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What You Need To Know About Depression

Updated: Mar 15, 2023

By Catherine Karega | Updated February 28, 2022

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Depression (major depressive disorder/ clinical depression) is a common but serious mood disorder. It causes severe symptoms that affect how you feel, think, and handle daily activities, such as sleeping, eating or working.

Depression in both teens and adults causes feelings of sadness and/or a loss of interest in activities you once enjoyed.

It can lead to a variety of emotional and physical problems and can decrease your ability to function at work, school and home.

Symptoms of depression

Teen depression signs and symptoms include a change from the teenager’s previous attitude and behavior that can cause significant distress and problems at school or home, in social activities, or in other areas of life.

The symptoms can vary from mild to severe. Changes in your teen’s emotions and behavior include:

Emotional changes

  • Persistent sad, anxious, or “empty” mood

  • Loss of interest or pleasure in activities once enjoyed

  • Feeling worthless, guilty, or hopeless

  • Irritable or annoyed mood

  • Loss of interest in, or conflict with, family and friends

  • Low self-esteem

  • Extreme sensitivity to rejection or failure, and the need for excessive reassurance

  • Difficulty thinking, concentrating or making decisions

  • Thoughts of death or suicide

Behavioral changes

  • Change in appetite- either weight loss or weight gain unrelated to dieting

  • Difficulty concentrating, remembering or making decisions

  • Trouble sleeping or sleeping too much

  • Loss of energy or increased fatigue, or feeling “slowed down”

  • Use of alcohol or drugs

  • Angry outburst, disruptive or risky behavior, or other acting-out behaviors

  • Social isolation

  • Poor school performance or frequent absence from school

  • Self-harm, for example cutting or burning

Depression in adolescents can often be missed possibly because of irritability, mood reactivity, and fluctuating symptoms in teens.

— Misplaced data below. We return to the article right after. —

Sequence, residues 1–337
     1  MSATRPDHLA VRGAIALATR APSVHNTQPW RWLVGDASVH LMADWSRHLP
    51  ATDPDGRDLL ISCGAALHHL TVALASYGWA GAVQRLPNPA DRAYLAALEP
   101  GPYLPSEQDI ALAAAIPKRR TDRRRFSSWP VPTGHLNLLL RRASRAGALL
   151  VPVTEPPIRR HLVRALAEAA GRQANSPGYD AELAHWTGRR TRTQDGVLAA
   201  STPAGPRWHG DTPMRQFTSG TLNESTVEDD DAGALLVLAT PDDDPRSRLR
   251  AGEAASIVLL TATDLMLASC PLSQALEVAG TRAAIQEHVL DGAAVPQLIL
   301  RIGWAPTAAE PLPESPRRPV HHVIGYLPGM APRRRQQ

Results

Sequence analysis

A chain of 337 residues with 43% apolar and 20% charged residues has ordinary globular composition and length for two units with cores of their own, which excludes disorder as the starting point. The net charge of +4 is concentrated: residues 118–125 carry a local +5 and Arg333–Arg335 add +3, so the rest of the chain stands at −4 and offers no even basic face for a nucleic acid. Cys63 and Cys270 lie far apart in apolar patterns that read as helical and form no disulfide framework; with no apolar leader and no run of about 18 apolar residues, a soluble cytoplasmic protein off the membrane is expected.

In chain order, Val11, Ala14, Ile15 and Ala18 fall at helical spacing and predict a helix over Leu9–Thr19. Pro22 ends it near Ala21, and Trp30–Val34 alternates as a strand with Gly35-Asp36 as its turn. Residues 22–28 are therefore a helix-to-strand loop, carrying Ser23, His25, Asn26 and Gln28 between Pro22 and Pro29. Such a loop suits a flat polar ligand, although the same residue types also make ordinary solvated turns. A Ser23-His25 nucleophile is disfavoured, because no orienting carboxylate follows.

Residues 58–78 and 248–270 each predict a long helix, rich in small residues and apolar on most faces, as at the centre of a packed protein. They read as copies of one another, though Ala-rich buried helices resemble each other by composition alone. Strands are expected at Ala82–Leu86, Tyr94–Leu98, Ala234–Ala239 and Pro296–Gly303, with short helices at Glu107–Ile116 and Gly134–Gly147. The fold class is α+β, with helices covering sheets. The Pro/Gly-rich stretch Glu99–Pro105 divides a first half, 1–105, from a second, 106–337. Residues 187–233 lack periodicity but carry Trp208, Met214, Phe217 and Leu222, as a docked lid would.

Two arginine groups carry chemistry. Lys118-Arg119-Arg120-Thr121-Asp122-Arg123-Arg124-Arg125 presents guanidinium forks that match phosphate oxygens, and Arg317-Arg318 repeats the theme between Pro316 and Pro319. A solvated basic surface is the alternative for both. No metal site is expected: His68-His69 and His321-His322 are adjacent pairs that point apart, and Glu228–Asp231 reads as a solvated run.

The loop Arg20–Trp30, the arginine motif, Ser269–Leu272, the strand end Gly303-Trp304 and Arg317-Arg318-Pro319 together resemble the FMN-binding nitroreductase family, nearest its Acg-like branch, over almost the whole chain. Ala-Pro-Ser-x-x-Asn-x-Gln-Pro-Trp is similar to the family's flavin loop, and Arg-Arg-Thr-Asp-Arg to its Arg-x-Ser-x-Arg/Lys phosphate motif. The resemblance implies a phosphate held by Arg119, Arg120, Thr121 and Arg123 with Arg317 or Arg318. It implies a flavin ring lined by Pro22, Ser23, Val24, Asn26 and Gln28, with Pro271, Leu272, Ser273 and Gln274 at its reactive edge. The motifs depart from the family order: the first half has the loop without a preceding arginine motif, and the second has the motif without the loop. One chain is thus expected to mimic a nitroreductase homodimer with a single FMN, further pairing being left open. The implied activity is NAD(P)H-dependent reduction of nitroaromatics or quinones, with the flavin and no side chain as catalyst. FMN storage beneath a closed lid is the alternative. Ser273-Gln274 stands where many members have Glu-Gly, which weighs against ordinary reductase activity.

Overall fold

It can also be missed if the primary presenting issues are unexplained physical symptoms, eating disorders, anxiety, refusal to attend school, decline in academic performance, substance misuse or behavioral problems.

What causes depression?

Like many mental health disorders, there can be various issues that are involved in leading to depression. These factors often interact with each other to increase the likelihood of developing depression. These include:

  • Brain chemistry- When neurotransmitters are abnormal or impaired, the function of nerve receptors and nerve systems changes leading to depression.

  • Hormones- Changes in the body’s balance of hormones may be involved in causing or triggering depression.

  • Inherited traits- Offspring of parents who have depression face higher rates of depression compared to offspring of healthy parents. This predisposition however, is not predestination.

  • Early childhood trauma- Traumatic experiences during childhood, such as physical or emotional abuse, or loss of a parent, may cause changes in the brain that increase the risk of depression.

  • Learned patterns of negative thinking- Teen depression may be linked to learning to feel helpless- rather than learning to feel capable of finding solutions for life ‘s challenges.


To determine appropriate treatment, a diagnosis needs to be made by a trained and qualified mental health professional. If you suspect that your teenager may have depression, it is wise to speak with a therapist/ counselor about your observations. It also helps to have your teen talk to the same professional about their own experience.


As in many psychological disorders, treatment of depression requires a collaborative effort for a successful intervention.

Mild symptoms of depression can be addressed effectively through therapy such as Cognitive Behavioral Therapy and InterPersonal Therapy. These types of therapy can help people with depression by teaching them new ways of thinking and behaving and how to change habits that contribute to depression.

More severe symptoms of depression require diagnosis and treatment using antidepressants prescribed by a psychiatrist. Antidepressants may help improve the way your brain uses certain chemicals that control mood or stress. While on medication, working with a therapist also helps to address the emotional and behavioral issues presented. Antidepressants take some time to work and have varying effects on different people. Working with a therapist while on antidepressants can help by having someone to walk through the changes with.

Depression is one of the more chronic forms of mental disorders that can recur even after successful treatment. People living with depression can learn positive coping skills that help to alleviate some symptoms. Coping skills can be very effective when done in conjunction with therapy treatment.

By Catherine Karega, MA Clinical Psychology

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